Abstract: We are living in a time when the activation of mirror neurons in the brains of onlookers can be recorded as they witness another’s actions and emotional reactions. 1 Contemporary neuroscience has brought us much closer to an understanding of the neural basis for human mind reading and emotion sharing abilities—the mechanisms underlying empathy. The activation of onlookers’ mirror neurons by a coach’s demonstration of technique or an internal visualization of proper form and by representations in television, film, visual art, and pornography has already been recorded. 2 Simply hearing a description of an absent other’s actions lights up mirror neuron areas during fMRI imaging of the human brain. 3 The possibility that novel reading stimulates mirror neurons’ activation can now, as never before, undergo neuroscientific investigation. Neuroscientists have already declared that people scoring high on empathy tests have especially busy mirror neuron systems in their brains. 4 Fiction writers are likely to be among these high empathy individuals. For the first time we might investigate whether human differences in mirror neuron activity can be altered by exposure to art, to teaching, to literature. This newly enabled capacity to study empathy at the cellular level encourages speculation about human empathy’s positive consequences. These speculations are not new, as any student of eighteenth-century moral sentimentalism will affirm, but they dovetail with efforts on the part of contemporary virtue ethicists, political philosophers, educators, theologians, librarians, and interested parties such as authors and publishers to connect the experience of empathy, including its literary

389 citations

References
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Journal ArticleDOI
01 Mar 1968-Language

1,838 citations

Book
01 Jan 1971

861 citations

Book
01 May 1982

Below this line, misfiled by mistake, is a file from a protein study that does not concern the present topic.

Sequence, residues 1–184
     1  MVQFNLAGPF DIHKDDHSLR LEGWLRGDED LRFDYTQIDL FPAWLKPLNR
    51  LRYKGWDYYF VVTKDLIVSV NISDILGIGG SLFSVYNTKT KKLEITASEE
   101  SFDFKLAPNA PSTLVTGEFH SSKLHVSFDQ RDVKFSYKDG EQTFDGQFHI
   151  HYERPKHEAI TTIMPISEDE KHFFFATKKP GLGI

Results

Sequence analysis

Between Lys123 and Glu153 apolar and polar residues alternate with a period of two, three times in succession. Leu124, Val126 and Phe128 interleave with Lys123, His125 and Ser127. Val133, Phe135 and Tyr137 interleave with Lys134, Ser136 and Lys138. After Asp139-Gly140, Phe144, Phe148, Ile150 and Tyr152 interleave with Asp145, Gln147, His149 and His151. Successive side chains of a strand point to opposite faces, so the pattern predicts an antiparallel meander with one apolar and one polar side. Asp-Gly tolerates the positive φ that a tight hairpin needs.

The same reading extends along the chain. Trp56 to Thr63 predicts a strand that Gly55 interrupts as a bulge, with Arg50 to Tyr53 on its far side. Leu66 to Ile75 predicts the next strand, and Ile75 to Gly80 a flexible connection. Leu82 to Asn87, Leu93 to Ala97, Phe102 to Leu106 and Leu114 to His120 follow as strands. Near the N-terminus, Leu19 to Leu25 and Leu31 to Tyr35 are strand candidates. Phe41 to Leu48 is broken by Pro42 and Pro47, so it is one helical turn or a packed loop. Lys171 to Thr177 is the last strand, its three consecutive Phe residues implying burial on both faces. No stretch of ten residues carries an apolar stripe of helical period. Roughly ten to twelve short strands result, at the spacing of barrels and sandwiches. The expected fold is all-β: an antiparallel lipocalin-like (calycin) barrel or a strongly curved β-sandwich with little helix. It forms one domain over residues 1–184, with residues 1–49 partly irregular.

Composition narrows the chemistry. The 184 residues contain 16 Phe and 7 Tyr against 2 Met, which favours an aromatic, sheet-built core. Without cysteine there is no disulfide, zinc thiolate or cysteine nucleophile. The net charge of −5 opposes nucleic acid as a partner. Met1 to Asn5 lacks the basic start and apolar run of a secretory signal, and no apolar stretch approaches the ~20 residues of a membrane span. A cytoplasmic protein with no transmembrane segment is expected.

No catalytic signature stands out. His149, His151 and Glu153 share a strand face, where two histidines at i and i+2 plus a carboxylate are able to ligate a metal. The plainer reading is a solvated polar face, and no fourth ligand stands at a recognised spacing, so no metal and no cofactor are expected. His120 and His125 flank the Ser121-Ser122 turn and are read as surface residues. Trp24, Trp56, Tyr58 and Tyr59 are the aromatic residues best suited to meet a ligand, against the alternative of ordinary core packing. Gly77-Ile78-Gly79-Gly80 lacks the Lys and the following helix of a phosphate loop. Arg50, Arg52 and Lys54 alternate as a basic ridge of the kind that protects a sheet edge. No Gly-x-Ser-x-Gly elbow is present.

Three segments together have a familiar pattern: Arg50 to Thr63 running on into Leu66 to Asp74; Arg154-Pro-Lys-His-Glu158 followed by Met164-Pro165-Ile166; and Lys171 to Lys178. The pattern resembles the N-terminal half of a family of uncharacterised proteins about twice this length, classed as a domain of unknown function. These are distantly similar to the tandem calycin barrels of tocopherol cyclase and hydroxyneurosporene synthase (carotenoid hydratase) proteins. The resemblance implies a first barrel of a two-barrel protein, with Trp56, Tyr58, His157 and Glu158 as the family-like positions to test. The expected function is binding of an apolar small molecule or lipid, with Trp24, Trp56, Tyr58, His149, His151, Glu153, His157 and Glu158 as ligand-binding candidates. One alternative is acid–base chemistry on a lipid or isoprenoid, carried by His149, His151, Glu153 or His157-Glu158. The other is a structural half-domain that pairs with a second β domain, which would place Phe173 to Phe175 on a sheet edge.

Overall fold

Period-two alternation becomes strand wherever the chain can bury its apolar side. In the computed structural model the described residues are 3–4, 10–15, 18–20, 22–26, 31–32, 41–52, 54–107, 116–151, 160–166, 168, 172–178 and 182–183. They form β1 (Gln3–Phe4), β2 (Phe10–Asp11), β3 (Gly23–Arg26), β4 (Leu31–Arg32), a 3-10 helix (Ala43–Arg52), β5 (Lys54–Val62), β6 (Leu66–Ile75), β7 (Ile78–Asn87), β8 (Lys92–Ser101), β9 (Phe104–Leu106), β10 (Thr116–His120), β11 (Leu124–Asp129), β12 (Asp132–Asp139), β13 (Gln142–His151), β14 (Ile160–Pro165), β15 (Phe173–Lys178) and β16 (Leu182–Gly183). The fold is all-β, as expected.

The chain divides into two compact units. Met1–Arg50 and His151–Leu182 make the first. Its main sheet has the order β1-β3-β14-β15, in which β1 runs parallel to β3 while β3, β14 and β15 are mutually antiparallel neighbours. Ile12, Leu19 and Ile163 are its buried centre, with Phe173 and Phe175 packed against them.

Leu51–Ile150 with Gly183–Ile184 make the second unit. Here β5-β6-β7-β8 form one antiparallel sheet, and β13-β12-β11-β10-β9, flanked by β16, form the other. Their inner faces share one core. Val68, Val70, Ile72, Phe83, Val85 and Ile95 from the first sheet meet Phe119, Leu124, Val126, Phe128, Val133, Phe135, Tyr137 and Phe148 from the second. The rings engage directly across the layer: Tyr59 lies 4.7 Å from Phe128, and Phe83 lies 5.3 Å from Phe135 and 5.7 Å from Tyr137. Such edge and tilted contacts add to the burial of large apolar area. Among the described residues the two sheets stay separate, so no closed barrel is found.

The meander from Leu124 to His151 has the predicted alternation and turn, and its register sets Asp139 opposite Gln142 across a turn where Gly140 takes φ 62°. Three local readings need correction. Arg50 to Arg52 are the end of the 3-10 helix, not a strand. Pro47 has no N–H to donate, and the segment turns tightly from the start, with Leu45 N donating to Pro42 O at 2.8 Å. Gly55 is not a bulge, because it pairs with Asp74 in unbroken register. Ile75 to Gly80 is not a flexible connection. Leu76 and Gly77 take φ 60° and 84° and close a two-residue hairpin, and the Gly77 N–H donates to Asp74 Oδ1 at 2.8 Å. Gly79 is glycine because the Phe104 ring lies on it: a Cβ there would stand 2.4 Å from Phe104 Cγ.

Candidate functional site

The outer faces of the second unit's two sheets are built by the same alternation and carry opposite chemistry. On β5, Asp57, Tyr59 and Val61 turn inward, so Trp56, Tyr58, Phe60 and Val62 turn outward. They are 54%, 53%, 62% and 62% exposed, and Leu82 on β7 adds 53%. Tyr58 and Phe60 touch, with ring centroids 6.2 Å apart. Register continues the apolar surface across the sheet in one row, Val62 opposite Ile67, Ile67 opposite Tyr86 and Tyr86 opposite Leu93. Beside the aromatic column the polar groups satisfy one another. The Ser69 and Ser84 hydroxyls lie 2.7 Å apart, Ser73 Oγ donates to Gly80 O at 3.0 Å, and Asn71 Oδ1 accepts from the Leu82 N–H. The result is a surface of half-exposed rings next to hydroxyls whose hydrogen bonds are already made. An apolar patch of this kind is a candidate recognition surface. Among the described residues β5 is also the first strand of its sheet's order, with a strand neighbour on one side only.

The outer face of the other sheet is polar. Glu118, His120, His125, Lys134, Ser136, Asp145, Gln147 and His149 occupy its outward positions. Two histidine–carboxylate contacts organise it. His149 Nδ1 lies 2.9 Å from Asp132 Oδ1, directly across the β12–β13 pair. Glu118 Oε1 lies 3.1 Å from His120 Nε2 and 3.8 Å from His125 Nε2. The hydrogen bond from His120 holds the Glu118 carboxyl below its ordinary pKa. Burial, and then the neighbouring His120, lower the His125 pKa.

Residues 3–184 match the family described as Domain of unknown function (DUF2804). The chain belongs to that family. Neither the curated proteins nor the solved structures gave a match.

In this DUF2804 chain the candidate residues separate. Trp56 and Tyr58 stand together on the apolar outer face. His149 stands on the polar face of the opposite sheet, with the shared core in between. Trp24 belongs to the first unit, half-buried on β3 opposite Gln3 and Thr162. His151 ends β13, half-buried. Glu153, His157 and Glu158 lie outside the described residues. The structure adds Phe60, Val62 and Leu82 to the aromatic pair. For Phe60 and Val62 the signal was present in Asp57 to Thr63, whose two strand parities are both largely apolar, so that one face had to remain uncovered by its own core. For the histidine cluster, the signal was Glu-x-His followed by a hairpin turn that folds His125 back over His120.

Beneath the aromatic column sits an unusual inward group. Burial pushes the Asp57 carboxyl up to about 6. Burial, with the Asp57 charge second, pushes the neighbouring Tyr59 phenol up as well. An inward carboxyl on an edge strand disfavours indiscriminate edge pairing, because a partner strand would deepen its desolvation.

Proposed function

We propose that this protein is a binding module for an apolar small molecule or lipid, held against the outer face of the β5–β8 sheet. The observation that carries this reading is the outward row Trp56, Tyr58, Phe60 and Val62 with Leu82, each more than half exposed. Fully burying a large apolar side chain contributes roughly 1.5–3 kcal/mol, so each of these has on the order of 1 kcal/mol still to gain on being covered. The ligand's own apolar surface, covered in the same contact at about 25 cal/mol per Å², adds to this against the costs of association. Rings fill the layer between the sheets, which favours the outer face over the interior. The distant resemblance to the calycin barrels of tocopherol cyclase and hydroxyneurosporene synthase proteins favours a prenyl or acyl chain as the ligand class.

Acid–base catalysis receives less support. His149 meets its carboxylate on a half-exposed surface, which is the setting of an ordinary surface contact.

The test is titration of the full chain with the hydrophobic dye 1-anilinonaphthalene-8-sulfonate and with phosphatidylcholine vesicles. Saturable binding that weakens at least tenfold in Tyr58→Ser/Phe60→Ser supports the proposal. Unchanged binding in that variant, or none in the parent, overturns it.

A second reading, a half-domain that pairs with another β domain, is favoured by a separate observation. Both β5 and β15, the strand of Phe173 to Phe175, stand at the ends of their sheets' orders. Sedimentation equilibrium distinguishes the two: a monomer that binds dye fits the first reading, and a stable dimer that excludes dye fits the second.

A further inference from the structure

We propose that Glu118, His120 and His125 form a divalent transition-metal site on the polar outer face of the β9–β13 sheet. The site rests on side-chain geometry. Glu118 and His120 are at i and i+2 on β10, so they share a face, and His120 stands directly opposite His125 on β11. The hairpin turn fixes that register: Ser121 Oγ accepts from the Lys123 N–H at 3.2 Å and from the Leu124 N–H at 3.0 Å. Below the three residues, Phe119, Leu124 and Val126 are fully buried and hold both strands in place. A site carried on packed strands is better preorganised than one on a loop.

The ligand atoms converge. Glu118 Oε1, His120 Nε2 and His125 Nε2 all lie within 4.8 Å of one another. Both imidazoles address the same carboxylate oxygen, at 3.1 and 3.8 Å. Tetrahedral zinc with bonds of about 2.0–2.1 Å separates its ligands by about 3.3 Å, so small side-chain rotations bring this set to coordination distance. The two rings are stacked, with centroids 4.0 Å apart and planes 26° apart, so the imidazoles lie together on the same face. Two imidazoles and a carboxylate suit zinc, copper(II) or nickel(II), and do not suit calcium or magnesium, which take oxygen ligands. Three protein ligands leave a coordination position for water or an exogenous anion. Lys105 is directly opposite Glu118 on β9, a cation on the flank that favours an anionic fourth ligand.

TL;DR: In this paper, the authors present a method of analysis and some examples of levels of style, text style, and frequency in a novel, and discuss the relationship between text style and text content.
Abstract: Foreword Introduction Part I: Approaches and methods 1. Style and Choice 2. Style, Text and Frequency 3. A Method of Analysis and some Examples 4. Levels of Style Part II: Aspects of style 5. Language and the Fictional World 6. Mind Style 7. The Rhetoric of Text 8. Discourse and Discourse Situation 9. Conversation in the Novel 10. Speech and Thought Presentation Passages and topics for further study Further reading Bibliography Index of works discussed General index

565 citations

Book
01 Jan 1994

503 citations

Journal ArticleDOI
TL;DR: In this paper, the authors describe the historical development of narrative style and the knowledge of the clock and the lens in the context of narrated and non-reflective consciousness and the absence of the narrator.
Abstract: Preface Introduction 1. The expression of subjectivity and the sentences of direct and indirect speech 2. The sentence of represented speech and thought 3. Communication and the sentence of discourse 4. The sentences of narration and discourse 5. The sentence representing non-reflective consciousness and the absence of the narrator 6. The historical development of narrative style Conclusion: Narration and representation: the knowledge of the clock and the lens Notes Bibliography Name index Subject index

424 citations